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Houghton Council recap

The last Houghton City Council meeting of the year covered a wide swath of topics, from public comment urging the body to stay firm in opposing the short-term rental legislation being deliberated in the state Senate to a renewal of the exemption for health care plans for city employees.

The meeting began with a check presented to Police Chief John Donnelly for the Pigs n’ Heat fund from Michigan Tech’s Sigma Pi fraternity. Roughly $1,400 was raised through the organization’s haunted house.

The efforts of Michigan Tech students were recognized later on as well, during new business. The Houghton Fire Department is getting three new members from the ranks of the university. Councilor and department member Robert Megowan says the arrangement has worked well in the past.

Were very lucky with some of the students that we’ve had. They’ve stayed here for five, six years, gotten their master’s and stuff like that. Then they go on, and once they’ve been certified they can go to Wisconsin or Michigan and be on a department, so it furthers them also in their future.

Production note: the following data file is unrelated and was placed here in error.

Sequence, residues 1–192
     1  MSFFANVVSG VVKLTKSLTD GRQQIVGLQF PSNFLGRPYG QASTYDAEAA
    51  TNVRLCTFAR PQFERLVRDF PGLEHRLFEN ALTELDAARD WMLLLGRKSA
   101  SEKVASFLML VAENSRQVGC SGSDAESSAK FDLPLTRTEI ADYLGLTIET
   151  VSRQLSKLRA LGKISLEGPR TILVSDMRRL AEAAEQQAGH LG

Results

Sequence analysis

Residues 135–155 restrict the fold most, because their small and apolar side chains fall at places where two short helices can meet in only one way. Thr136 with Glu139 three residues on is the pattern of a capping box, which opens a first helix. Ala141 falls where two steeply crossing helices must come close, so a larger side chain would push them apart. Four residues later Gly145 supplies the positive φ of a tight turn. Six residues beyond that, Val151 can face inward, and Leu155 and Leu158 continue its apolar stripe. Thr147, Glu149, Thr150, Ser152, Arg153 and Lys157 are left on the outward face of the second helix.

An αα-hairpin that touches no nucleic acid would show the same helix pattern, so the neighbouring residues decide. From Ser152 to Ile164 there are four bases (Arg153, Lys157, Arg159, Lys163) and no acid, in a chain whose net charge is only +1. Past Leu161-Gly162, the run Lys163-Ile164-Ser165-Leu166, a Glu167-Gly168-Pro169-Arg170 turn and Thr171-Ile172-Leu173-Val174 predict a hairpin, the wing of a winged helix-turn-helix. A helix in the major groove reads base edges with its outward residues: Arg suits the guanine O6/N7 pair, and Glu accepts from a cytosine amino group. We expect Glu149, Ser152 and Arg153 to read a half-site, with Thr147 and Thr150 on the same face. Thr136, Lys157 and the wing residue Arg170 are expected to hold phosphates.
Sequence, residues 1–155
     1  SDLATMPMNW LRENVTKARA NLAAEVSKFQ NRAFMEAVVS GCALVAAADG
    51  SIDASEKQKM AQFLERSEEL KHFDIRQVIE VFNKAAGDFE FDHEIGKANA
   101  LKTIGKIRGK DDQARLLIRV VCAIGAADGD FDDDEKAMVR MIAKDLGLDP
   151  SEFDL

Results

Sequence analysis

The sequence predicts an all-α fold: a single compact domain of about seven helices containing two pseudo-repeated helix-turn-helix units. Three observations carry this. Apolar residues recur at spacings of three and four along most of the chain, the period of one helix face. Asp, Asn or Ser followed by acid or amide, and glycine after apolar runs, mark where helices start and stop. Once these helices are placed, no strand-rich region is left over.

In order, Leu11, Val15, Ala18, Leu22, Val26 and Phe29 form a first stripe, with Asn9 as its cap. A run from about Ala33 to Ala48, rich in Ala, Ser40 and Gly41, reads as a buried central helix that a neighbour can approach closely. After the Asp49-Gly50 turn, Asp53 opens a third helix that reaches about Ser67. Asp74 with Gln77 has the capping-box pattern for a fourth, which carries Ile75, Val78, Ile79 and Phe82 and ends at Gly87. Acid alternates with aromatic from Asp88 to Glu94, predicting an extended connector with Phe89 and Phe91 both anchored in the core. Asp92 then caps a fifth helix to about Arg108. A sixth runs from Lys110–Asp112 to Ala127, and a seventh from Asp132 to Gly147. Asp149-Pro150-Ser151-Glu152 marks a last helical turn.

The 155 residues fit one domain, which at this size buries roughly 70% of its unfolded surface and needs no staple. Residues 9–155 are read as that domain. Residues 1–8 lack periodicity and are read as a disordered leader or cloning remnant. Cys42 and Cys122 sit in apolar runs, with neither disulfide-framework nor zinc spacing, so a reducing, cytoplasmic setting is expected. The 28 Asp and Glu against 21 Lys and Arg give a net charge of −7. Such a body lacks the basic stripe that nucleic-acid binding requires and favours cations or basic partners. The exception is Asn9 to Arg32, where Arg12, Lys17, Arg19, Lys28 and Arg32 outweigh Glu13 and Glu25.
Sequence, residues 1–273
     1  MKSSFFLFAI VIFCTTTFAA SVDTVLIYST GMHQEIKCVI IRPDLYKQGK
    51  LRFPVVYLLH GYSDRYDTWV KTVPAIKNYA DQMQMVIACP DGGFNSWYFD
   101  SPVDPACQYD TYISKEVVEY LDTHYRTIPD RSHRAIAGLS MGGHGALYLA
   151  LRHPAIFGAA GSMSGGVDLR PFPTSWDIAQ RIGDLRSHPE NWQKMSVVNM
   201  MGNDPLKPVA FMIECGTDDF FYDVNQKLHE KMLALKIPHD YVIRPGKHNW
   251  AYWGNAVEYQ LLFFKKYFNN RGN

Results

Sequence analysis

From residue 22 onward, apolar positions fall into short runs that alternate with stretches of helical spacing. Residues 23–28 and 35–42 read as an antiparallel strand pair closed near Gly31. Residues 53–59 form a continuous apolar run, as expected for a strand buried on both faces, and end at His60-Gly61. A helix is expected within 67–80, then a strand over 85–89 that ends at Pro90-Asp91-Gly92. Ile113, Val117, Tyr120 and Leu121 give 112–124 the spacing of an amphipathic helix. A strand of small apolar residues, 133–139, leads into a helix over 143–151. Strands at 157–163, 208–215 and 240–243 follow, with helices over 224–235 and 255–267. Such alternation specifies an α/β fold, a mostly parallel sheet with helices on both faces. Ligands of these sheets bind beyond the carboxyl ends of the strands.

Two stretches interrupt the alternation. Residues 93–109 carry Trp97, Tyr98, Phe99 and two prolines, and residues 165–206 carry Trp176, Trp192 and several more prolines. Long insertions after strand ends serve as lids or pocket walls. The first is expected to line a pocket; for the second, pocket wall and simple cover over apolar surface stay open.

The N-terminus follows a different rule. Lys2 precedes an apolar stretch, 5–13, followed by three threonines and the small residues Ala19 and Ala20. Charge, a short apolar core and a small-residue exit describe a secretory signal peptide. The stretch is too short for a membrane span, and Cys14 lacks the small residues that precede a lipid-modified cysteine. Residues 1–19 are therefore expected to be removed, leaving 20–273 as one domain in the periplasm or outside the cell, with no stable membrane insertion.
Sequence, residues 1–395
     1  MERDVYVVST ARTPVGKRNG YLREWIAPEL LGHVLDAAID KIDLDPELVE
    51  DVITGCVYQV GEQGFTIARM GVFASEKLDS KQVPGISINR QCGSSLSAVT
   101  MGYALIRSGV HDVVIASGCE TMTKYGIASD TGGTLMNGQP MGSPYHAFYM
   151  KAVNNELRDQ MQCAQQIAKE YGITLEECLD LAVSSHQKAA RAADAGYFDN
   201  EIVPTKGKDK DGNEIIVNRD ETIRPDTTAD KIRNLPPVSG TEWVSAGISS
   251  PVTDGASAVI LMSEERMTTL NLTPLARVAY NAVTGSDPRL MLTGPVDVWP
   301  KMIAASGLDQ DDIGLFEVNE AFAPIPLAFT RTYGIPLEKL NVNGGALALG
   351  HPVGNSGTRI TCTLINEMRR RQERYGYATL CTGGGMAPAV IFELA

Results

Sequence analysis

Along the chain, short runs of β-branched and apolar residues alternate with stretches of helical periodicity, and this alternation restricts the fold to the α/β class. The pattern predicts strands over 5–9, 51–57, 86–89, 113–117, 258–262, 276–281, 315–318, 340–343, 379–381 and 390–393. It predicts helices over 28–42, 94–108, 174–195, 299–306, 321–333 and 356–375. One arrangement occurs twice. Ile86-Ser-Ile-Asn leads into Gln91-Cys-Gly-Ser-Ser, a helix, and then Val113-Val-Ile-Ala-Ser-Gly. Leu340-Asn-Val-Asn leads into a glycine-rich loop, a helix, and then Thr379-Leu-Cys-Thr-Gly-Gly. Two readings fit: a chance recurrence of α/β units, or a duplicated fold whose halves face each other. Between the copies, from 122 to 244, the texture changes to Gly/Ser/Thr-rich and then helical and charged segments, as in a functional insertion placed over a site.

During Manager Eric Waara’s administrative report he said that the Michigan Department of Transportation is expected to wrap construction work in the area this week. Beginning yesterday, both lanes of US-41 North were open to traffic across the Portage Lake Lift Bridge. That will pave the way soon to lower the center portion of the span to allow for snowmobile traffic.

The city’s audit will be delayed. It has applied for an extension with the State of Michigan, which was granted. It is switching preparers and extra time is needed to put historical financial data into the new firm’s computer program. Waara says he expects the audit to be complete by mid-January.

The council approved a resolution to exempt municipal employees for contributions to the city’s public health plan. That is an annual requirement, and one of three options for localities to remain in compliance with Public Act 152 passed in 2011.

The body approved checks of $24,546 and $27,838 for sewer and water system improvements. The bills pertained to work completed on College Avenue in recent months.

The city abandoned rights to utilities and an easement for maintaining them near Coles Creek. The site was originally proposed to be a neighborhood of single-family residences. It will instead be a campground, with significantly different needs.

Lastly, Mayor Robert Backon made appointments for 2022 to fill holes on various commissions and subcommittees created by the departure of Dan Salo earlier this year.

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